So strong was Booth’s prayer life that wherever he went great manifestations of the Spirit became evident. Once while traveling , his train was delayed. He took advantage of the opportunity and exhorted some nearby idle factory workers. He said, “some of you men never pray, you gave up praying long ago. But I’m going to say to you, won’t you pray for your children, that they may be different?” Within minutes, 700 men knelt in silent prayer.

Philip Gibbs, a journalist for the London Daily Mail, met Booth in 1902. Gibbs remembers:

His spirit was like a white flame. He had a burning fire within him. Presently he seized me by the wrist and dragged me down to my knees beside him.’Let us pray for the press’, he said, and then he prayed long and earnestly for the newspaper Press that it might be inspired by the love of truth and charity and the Spirit of the Lord.”

In another interview Booth was asked about the training of his soldiers. He was quoted as saying that if he could do it, he would have finalized the training of his soldiers with twenty-four hours hanging over an open hell, to see its eternal torment. Then he said,”With just 100 men I could evangelize the world.”

At another time, two Salvation Army officers set out to start a new work, only to meet with failure and opposition. Frustrated and tired they appealed to the General to close the mission. “General” Booth sent back a telegram with two words on it, “TRY TEARS.” They followed his advice and they witnessed a mighty revival.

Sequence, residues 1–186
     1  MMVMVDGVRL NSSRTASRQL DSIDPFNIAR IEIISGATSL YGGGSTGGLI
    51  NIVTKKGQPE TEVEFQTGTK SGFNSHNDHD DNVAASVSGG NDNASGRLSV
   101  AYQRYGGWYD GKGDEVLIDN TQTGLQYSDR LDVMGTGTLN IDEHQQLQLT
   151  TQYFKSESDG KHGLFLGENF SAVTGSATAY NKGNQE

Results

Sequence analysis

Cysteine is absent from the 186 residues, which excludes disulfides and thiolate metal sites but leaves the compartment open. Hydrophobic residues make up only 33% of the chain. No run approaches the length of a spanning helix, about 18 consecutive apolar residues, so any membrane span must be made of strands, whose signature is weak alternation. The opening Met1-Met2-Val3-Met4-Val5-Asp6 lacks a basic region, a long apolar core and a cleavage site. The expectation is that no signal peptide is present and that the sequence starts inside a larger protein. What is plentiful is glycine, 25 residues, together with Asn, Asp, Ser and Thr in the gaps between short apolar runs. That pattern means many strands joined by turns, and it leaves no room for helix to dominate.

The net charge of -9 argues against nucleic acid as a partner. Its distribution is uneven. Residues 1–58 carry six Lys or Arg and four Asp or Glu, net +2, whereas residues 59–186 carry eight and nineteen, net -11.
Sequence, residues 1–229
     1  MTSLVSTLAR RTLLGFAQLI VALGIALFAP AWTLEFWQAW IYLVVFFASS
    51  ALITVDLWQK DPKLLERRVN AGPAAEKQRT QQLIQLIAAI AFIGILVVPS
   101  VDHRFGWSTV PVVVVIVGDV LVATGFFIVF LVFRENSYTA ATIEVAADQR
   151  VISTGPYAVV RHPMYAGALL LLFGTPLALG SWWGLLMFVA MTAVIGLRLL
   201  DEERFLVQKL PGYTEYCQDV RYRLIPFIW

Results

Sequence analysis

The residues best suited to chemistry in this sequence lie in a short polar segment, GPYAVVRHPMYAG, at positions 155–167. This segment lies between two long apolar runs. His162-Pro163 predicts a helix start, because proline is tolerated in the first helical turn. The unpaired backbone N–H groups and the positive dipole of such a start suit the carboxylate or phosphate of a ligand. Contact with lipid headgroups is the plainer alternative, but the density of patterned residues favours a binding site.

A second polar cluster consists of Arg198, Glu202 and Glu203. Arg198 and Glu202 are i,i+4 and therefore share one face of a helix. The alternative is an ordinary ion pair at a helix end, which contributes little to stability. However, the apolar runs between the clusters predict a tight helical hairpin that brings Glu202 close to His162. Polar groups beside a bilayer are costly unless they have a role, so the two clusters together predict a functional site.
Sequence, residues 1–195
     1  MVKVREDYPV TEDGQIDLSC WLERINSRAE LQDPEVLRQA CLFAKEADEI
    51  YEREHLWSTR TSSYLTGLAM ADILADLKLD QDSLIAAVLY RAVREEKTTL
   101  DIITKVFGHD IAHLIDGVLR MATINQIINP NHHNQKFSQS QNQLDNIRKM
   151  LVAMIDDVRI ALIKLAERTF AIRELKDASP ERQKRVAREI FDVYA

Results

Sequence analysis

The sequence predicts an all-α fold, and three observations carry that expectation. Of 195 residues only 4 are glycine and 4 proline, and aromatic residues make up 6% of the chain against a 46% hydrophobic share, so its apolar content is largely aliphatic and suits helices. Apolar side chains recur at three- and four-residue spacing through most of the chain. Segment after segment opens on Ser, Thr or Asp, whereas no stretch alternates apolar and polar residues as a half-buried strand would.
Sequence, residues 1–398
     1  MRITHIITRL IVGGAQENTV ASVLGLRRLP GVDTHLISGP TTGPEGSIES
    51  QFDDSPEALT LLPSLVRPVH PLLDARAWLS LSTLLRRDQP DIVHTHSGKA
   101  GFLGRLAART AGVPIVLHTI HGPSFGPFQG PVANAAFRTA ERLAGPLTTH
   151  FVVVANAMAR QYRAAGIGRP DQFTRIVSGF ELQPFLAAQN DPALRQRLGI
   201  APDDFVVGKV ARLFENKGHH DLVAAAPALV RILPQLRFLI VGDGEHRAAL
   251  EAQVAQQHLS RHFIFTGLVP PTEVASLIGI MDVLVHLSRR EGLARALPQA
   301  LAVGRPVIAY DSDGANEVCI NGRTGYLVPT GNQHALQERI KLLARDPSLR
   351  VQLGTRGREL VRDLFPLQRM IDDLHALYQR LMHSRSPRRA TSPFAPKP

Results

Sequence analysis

Booth’s emphasis was on saving lost souls by bringing sinners to repentance. The Salvation Army also set up Soup Kitchens, where large bowls of soup and bread were supplied for one penny to the very poor, and for nothing to those who were penniless. It also set up lodging houses for poor people to sleep off the streets.

Today the Salvation Army is a far cry from the evangelical branch of the universal Christian Church it started out to be. But while Booth was alive he stayed true to the motto “BLOOD AND FIRE“, (the blood stood for the Blood of Christ and the fire is the fire of the Holy Spirit).

Booth taught salvation came by repentance through the Blood of Jesus Christ. Victorian England flocked to the Salvation Army’s message by the thousands. It not only became a national movement but by the time of Booth’s death had spread to 58 countries worldwide.

Booth lived to the age of 83. To the end he remained a Christian activist who believed his two objectives were the saving of the lost souls and righting the social injustices of his time. He never lost his zeal for the Gospel, his love of his Lord or his heartfelt compassion for the poor.

Here is an extract from his last public address on May 9, 1912:

“While women weep as they do now, I’ll fight; while little children go hungry as they do now, I’ll fight; while men go to prison, in and out, in and out, as they do now, I’ll fight; while there is a drunkard left, while there is a poor lost girl on the streets, while there remains one dark soul without the light of God, I’ll fight—-I’ll fight to the very end!”

Three months later on August 20, 1912, “General” William Booth was promoted to eternity.

2 Timothy 3:12 “….all who desire to live godly in Christ Jesus will suffer persecution.”